Any differential surface at any point on the screw has a projection on the plane of the axis and r ( r being the vector from the axis to the point)being the distance from the axis). There is another differential surface on the other side of the plane the same projection on the plane, thus exerting equal forces in opposite directions.

This is true for any arbitrary shape.
Hassan2
#7
Mar9-12, 04:55 AM
P: 409
About the torque on the screw in the figure, The force on the upper and lower sides are not equal. the torque the net is canceled by the net corner force.
Gh778
#8
Mar9-12, 05:21 AM
P: 365
I'm ok with #6 message

#7: Yes a torque up/down cancel another ext/int, ok. But like it's a thread we can put it between 2 circular threads (show first drawing) and cancel up and down surfaces (for example with thin thickness of air with gaskets). We have only the external/internal torque. I don't know if you understand me ? Don't forget I cancel the up and down surface pressure easily and without energy.
Hassan2
#9
Mar9-12, 05:45 AM
P: 409
Quote Quote by Gh778 View Post
Don't forget I cancel the up and down surface pressure easily and without energy.
In one of your figures, I see the words " up" and "down". My up and down surfaces are both sides of the thread separated by the thickness. The are not equal because they are like two parallel surfaces at different depth.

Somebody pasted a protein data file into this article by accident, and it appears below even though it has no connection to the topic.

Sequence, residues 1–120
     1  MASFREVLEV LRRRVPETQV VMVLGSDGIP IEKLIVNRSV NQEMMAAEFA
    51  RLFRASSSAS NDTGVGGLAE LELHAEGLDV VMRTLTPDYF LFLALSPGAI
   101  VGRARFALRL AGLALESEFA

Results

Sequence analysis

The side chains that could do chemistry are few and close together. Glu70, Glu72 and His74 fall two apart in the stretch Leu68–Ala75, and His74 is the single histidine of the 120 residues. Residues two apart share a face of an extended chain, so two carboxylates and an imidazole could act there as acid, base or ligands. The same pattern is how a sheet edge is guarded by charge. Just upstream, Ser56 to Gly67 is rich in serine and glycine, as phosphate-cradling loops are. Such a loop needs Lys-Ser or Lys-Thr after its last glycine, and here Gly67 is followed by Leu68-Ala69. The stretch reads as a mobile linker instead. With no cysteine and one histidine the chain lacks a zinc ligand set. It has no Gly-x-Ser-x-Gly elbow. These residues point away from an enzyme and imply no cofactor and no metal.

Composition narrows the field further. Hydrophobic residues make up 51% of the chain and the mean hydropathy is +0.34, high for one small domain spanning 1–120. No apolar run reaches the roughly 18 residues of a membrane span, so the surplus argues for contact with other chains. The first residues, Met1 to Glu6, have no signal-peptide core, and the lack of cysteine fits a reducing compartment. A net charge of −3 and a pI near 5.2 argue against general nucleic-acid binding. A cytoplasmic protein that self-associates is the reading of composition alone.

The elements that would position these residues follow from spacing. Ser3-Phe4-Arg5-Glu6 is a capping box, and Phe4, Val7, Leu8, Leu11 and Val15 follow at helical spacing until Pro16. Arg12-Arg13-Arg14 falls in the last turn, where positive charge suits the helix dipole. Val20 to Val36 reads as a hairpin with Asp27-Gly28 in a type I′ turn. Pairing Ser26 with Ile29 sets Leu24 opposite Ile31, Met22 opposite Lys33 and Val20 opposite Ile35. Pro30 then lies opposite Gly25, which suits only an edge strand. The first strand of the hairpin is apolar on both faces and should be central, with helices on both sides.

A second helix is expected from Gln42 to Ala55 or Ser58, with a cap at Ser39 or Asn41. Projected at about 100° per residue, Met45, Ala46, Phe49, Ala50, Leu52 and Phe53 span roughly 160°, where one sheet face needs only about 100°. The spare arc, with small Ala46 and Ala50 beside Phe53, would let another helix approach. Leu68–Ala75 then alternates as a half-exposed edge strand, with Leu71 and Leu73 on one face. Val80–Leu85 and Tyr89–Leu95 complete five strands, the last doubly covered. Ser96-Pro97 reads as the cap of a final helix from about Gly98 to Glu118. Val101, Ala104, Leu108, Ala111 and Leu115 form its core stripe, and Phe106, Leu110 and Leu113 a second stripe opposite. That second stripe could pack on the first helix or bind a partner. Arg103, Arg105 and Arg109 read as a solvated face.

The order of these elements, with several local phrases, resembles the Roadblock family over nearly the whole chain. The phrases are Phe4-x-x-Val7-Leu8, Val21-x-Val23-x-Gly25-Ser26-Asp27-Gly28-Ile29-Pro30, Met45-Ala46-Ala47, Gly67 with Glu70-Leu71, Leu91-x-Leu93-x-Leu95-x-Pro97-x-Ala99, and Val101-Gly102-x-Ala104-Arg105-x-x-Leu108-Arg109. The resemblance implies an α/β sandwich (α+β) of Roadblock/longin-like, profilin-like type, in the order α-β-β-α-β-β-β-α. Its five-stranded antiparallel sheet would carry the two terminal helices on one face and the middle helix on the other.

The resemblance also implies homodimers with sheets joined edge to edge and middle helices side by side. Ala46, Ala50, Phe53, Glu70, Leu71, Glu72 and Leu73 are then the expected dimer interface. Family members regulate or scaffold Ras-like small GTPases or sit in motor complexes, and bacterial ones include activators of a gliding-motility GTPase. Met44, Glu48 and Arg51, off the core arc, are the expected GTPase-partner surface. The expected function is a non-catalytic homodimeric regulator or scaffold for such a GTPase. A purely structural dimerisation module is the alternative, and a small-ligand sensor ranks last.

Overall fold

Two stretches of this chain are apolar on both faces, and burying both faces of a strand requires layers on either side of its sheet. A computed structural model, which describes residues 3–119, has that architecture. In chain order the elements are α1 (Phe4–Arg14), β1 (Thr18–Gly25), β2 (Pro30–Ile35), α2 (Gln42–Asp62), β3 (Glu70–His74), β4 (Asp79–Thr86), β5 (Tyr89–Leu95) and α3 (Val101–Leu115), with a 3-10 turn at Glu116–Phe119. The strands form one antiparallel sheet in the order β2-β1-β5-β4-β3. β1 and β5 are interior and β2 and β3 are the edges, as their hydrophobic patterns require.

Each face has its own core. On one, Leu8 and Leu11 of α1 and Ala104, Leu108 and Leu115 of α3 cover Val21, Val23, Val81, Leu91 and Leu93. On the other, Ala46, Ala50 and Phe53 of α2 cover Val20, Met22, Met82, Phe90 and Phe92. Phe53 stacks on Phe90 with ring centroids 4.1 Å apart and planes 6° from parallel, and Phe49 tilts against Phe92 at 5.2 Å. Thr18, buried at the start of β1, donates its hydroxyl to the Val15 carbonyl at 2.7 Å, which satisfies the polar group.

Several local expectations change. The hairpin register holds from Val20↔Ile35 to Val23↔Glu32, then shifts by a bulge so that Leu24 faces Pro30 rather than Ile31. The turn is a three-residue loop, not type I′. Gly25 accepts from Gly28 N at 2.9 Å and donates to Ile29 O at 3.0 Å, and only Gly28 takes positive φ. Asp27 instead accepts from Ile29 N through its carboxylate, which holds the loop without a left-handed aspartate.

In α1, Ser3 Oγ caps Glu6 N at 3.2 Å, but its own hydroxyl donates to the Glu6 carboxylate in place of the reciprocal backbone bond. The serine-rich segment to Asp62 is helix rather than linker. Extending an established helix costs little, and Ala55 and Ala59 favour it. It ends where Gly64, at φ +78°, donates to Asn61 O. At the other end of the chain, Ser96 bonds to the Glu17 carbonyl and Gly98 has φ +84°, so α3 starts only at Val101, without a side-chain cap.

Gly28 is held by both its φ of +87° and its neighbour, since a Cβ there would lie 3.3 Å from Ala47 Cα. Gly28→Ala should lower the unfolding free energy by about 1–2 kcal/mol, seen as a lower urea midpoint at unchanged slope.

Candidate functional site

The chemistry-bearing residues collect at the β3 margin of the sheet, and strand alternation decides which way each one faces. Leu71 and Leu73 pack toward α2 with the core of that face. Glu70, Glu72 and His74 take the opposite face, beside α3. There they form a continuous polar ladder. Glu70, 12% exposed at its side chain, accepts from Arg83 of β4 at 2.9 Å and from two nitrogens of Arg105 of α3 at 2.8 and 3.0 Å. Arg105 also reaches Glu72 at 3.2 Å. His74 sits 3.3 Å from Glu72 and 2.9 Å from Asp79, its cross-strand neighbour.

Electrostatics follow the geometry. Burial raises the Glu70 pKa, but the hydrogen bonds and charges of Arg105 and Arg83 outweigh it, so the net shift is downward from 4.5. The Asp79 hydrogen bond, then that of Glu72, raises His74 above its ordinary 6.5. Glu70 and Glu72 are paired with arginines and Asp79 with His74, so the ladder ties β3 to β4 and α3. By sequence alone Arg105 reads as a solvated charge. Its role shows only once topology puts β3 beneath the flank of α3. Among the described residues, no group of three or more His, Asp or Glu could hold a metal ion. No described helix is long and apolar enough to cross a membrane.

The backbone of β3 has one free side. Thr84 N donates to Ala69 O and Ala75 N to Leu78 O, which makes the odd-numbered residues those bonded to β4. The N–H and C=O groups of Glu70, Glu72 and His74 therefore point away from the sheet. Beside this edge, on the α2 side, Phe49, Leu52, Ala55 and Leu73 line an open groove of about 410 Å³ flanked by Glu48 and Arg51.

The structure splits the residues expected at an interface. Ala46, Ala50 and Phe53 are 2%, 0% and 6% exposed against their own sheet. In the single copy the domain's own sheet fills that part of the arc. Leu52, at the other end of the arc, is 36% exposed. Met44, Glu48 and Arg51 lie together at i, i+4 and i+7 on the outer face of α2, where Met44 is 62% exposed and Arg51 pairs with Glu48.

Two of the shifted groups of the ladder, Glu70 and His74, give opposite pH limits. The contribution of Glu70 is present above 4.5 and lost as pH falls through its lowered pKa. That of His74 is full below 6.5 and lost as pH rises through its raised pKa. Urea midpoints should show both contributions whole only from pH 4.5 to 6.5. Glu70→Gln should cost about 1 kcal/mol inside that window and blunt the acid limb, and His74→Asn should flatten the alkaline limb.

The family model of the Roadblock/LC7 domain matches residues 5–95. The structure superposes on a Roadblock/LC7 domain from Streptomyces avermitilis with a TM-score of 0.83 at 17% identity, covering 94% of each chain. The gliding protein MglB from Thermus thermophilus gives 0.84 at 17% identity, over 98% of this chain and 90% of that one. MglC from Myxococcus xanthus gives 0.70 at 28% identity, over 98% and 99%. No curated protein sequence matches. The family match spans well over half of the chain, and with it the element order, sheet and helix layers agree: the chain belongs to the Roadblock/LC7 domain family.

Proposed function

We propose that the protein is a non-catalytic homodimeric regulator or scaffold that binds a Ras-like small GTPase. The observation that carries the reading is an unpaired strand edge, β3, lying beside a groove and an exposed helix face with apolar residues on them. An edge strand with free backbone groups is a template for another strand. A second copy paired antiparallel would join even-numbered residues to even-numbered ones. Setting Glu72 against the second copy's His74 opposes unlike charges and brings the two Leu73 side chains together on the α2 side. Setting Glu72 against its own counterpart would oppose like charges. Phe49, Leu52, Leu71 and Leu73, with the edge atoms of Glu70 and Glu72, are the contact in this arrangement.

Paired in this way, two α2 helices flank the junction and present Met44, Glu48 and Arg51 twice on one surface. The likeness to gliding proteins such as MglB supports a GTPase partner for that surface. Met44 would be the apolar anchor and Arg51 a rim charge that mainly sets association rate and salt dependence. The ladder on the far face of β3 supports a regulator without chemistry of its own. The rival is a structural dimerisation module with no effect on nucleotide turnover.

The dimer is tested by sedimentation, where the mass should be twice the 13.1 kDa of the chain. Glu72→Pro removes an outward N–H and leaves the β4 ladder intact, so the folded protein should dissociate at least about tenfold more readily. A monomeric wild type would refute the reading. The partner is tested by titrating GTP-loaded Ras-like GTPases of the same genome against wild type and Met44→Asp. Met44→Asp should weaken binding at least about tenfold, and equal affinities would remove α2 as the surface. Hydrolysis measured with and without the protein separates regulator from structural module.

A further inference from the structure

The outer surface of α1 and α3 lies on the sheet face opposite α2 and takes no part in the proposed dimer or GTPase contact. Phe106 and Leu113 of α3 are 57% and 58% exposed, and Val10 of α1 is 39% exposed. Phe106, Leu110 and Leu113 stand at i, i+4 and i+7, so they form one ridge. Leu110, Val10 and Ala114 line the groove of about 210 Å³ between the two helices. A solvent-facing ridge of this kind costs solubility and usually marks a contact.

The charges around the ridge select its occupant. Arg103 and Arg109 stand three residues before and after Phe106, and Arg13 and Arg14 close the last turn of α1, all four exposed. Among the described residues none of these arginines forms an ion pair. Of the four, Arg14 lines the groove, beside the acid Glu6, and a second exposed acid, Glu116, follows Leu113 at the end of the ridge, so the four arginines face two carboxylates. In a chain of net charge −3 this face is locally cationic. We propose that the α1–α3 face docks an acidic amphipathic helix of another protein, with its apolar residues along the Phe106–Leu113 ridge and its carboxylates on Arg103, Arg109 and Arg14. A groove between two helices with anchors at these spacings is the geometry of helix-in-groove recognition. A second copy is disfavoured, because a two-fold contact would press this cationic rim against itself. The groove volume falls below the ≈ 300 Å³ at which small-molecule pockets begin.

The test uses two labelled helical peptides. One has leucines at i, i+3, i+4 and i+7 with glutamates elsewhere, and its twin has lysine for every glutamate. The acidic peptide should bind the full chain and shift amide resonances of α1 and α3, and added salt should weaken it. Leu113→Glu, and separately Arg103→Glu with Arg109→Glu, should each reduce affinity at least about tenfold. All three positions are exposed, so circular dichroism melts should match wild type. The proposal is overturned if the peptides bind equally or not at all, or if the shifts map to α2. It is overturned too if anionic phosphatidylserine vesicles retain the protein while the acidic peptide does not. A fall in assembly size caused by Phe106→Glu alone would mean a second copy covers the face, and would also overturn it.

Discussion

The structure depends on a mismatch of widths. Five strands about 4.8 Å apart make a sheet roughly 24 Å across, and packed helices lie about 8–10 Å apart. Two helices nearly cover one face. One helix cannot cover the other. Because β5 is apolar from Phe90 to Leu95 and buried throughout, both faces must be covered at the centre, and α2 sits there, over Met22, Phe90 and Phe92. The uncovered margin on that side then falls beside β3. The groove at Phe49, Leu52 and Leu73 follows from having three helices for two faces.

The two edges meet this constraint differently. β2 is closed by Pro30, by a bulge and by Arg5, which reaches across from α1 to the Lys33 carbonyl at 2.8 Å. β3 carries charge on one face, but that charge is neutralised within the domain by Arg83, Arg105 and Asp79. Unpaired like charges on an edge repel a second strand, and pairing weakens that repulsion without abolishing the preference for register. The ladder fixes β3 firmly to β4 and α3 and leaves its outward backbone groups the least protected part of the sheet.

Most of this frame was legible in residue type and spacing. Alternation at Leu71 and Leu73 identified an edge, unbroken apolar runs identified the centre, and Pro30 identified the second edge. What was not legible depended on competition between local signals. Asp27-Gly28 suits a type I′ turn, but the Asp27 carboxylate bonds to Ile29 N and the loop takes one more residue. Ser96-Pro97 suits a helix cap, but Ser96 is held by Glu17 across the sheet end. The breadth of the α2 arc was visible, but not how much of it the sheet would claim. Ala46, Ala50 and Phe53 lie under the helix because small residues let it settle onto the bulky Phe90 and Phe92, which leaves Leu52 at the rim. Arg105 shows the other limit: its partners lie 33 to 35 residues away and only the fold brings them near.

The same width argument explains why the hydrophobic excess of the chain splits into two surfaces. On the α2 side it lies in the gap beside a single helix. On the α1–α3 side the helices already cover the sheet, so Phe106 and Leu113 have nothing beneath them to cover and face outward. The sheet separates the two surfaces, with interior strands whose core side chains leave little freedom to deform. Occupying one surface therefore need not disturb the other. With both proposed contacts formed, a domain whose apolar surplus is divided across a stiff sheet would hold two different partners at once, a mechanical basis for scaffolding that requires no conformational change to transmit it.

Gh778
#10
Mar9-12, 06:00 AM
P: 365
The problem is, there are 2 thickness: up thickness and proof thickness. See the drawing below. Imagine air gap for up and down surfaces like that we sure there is no torque from these surfaces and we sure this cost nothing in energy if we turn in circular threads. But external and internal have a torque, for me, sure ;)

Drawing: look at "Z" axe

The are not equal because they are like two parallel surfaces at different depth.
It's not a problem to cancel the forces on these surfaces if we put small air gap (with gaskets) and put in a "sandwich" in 2 fixed circular threads. This cost nothing (in theory) about energy.

I add a drawing with a square thread in a "sandwich" of circular threads. Air gap at up and down surfaces.
Attached Thumbnails
hel2.png   a square thread in circular threads.jpg  
Hassan2
#11
Mar9-12, 07:16 AM
P: 409
Thanks for the explanations and the figure. I think I understands the problem now. In this simplified problem, no water touches the up and down and also internal surfaces. The problem becomes interesting and challenging now. Think of the proofs ( gaskets, fillers,..); They experience the same but opposite forces. If the gaskets are free, they transfer the force to the internal surfaces of the screw and cancel the forces on the screw. If there are rind connected like "another" screw, the forces cause a torque which tends to rotate the opposite direction the screw tends to rotate. Again no net torque.


Added: Sorry in case of a rigid proof, my description may be incorrect.
Gh778
#12
Mar9-12, 07:27 AM
P: 365
Thanks to you for your help ;) it's friendly